Based on breeding records from various countries, we know that pregnancy rates of lactating dairy cows decrease sharply when the maximum air temperature exceeds 85°F. In contrast, conception rates for replacement heifers usually does not decline except at extremely high THI. Based on breeding records in Florida, heifers have higher conception rates (50 percent) for all services than lactating cows (34 percent), and suffer only slight depression of fertility during summer months. Pregnancy rates of lactating cows and heifers in Kansas are consistently lower during July, August and September.

Research has demonstrated that the day of heat is extremely critical to the outcome of the artificial insemination (A.I.) breeding. Cows must be kept as cool as possible, or subsequent embryo development after fertilization will be inhibited, and many embryos will die. Embryos are sensitive to heat stress, but appear to become more tolerant as they age. Nevertheless, cattle should be protected from heat stress during the first one to two weeks after insemination in order to maintain somewhat normal fertility. One of the probable detrimental effects of heat stress is the decrease in uterine blood flow. This decrease usually occurs when it is essential that developing embryos receive maximum blood flow to establish and maintain early pregnancy.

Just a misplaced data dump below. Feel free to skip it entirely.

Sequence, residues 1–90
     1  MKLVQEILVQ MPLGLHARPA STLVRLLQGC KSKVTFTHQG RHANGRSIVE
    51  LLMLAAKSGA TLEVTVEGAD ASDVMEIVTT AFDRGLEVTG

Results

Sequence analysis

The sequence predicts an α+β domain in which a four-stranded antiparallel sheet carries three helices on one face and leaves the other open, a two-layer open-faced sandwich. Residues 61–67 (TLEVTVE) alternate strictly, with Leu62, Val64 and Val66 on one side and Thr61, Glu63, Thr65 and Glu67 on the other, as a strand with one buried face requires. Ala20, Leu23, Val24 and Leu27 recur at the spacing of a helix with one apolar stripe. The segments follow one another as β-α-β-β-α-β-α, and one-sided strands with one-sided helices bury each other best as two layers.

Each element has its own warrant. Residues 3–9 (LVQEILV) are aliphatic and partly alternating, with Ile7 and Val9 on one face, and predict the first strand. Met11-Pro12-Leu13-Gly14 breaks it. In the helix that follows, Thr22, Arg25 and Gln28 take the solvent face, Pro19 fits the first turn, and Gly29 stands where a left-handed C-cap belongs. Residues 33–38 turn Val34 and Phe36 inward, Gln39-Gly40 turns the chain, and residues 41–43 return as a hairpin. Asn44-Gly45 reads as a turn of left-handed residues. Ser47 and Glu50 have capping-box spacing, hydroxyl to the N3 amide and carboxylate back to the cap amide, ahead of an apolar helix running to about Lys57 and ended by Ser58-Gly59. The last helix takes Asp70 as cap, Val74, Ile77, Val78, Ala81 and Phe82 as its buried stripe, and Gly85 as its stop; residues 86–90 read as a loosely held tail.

Other factors affected by heat stress occur during the last trimester of pregnancy when little or no shade is provided for pregnant cows and heifers. Florida research demonstrated that heat stress during the latter 60 to 90 days of gestation resulted in reduced birth weight of calves, and even less milk yield for those cows that had no shade protection. Uterine involution, the process by which the uterus returns to its nonpregnant size and function after calving, occurred sooner in cows that had shade during late pregnancy. Although days to first ovulation and estrus, days open, and services per conception were unaltered by pre-calving heat stress, the incidence of ovarian follicular maturation and first ovulation occurring on the ovary opposite to the previous pregnant uterine horn increased from an expected 50 percent to 92 percent. This suggests that due to heat stress during pregnancy, the uterus exerted a local negative effect on the ovary after calving. Because of potential carry-over effects of high temperature and humidity during pregnancy, it is not surprising that we see poor pregnancy rates as a result of summer inseminations. This lower fertility may persist sometimes well after temperatures have moderated in the fall.